PARIS: Fiat Chrysler proposed on Monday to merge with France’s Renault to create the world’s third-biggest automaker, worth $40 billion, and combine forces in the race to make electric and autonomous vehicles.
The merged company would reshape the global industry: it would produce some 8.7 million vehicles a year, leapfrogging General Motors and trailing only Volkswagen and Toyota.
Shares of both companies jumped on the news of the offer, which would see each side’s shareholders split ownership in the new manufacturer.
Renault welcomed what it called a “friendly” offer. The company’s board met on Monday at its headquarters outside Paris and said afterward that Renault will study the proposal “with interest.” In a statement, Renault said such a fusion could “improve Renault’s industrial footprint and be a generator of additional value for the Alliance” with Japan’s Nissan and Mitsubishi.
Fiat Chrysler’s offer comes at a key moment for Renault. The French manufacturer had wanted to merge fully with Nissan, but those plans were derailed by the arrest of boss Carlos Ghosn on financial misconduct charges in Japan.
Now, questions are growing over the Renault-Nissan-Mitsubishi alliance , which together make more passenger cars than any one company. While Fiat Chrysler says the merger with Renault would accommodate the alliance and lead to savings for them, it is unclear how the Japanese companies might react in the longer term to being tied to a much larger partner.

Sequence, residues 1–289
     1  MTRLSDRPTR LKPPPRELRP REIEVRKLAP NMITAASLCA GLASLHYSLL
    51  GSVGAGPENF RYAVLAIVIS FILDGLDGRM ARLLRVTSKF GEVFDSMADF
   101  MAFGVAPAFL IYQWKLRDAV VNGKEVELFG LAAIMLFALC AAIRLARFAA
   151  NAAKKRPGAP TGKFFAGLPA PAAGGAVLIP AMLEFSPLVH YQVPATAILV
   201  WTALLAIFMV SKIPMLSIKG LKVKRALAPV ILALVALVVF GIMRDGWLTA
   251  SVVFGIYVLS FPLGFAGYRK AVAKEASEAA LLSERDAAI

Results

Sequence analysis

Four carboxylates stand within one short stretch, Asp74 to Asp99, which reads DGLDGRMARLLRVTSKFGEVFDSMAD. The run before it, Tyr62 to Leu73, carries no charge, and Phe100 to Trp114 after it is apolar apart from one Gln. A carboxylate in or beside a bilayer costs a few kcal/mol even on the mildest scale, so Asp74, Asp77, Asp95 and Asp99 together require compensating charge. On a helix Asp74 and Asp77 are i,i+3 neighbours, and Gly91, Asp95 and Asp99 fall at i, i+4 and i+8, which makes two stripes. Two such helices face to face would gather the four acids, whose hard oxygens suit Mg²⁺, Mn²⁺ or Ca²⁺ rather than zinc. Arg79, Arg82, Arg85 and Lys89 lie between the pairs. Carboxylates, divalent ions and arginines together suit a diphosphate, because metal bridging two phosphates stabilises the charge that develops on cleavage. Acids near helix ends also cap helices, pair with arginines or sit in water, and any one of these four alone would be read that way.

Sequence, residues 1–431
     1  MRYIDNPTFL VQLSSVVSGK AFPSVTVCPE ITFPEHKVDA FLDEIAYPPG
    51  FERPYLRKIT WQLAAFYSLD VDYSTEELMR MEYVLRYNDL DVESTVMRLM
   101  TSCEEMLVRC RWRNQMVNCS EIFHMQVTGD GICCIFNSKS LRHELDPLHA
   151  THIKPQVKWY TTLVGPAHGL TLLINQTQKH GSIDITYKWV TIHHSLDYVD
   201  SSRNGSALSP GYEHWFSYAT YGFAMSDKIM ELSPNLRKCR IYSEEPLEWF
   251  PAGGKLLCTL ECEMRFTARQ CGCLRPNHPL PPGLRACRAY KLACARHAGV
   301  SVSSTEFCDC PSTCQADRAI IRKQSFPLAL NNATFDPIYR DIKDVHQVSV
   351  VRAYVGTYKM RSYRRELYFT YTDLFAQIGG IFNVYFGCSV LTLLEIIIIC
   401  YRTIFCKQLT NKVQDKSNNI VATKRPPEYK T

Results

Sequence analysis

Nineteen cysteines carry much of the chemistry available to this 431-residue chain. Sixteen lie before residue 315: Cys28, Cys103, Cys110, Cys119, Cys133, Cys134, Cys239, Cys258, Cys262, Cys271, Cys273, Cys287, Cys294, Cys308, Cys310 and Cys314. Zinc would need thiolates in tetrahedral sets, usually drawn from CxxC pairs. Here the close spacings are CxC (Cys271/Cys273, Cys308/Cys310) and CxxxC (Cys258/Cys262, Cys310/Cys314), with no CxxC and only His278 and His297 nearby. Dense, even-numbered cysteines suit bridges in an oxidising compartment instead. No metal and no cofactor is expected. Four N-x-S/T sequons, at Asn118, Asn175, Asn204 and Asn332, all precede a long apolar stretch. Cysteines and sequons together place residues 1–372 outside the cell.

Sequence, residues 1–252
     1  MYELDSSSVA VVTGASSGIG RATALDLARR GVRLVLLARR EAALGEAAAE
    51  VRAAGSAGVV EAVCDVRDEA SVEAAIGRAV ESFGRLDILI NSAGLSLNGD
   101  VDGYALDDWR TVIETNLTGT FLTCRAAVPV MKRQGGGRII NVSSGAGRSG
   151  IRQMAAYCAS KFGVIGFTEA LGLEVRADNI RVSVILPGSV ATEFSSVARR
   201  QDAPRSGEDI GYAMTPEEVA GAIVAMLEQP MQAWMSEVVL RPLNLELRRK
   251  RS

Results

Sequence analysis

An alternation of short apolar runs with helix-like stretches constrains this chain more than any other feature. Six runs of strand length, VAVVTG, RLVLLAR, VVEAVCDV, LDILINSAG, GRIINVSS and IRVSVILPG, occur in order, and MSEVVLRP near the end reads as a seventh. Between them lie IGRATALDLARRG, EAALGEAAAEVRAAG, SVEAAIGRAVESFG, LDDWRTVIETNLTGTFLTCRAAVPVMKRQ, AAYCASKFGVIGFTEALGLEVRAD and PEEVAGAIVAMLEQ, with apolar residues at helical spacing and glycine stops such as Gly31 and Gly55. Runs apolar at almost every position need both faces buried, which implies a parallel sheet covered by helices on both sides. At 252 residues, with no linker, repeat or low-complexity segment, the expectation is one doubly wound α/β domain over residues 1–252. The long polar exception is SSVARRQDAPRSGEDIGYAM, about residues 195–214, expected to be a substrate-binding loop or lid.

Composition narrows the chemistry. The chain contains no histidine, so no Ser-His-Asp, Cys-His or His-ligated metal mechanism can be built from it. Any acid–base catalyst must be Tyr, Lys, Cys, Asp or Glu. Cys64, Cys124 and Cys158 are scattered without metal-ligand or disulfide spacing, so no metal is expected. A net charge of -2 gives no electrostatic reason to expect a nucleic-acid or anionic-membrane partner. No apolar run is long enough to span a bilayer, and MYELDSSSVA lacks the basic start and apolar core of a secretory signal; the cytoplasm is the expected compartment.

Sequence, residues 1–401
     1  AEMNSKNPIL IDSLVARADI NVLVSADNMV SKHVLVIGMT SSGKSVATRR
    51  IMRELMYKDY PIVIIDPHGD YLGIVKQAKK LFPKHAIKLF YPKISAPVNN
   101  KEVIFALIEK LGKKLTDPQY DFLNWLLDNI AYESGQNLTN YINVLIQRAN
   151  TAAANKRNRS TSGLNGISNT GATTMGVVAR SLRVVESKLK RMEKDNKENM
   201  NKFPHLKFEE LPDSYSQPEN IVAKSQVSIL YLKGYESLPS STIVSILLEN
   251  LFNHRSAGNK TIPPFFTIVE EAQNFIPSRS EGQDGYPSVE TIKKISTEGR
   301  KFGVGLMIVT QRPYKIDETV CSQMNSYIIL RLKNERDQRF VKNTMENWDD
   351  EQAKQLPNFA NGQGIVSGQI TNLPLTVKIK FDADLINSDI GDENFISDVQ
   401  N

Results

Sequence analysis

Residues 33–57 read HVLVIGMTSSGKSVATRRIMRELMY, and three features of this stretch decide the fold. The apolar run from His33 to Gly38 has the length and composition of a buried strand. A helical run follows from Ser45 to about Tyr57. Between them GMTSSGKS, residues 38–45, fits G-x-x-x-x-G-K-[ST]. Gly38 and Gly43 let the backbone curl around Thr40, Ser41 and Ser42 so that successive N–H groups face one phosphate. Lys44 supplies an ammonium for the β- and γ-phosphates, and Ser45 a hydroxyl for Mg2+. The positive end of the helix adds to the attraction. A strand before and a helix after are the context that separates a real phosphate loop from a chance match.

A deal would save 5 billion euros ($5.6 billion) for the merged companies each year by sharing research, purchasing costs and other activities, Fiat Chrysler said. It promised the deal would involve no plant closures, but didn’t address potential job cuts.
The companies are largely complementary: Fiat Chrysler is stronger in the US and SUV markets, while Renault is stronger in Europe and in developing electric vehicles.
Together, they would be worth almost 37 billion euros ($40bn). Shareholders of Fiat Chrysler, which includes the holding company of the founding Agnelli family with a 29 per cent stake, would get a 2.5 billion-euro ($2.8bn) special dividend to make up for an imbalance in company values.
“This operation will bring benefits to both countries,” Fiat Chrysler Chairman John Elkann told reporters in Italy, noting that it had been 10 years since Fiat’s takeover of bankrupt Chrysler, in exchange for small-car technology and management know-how.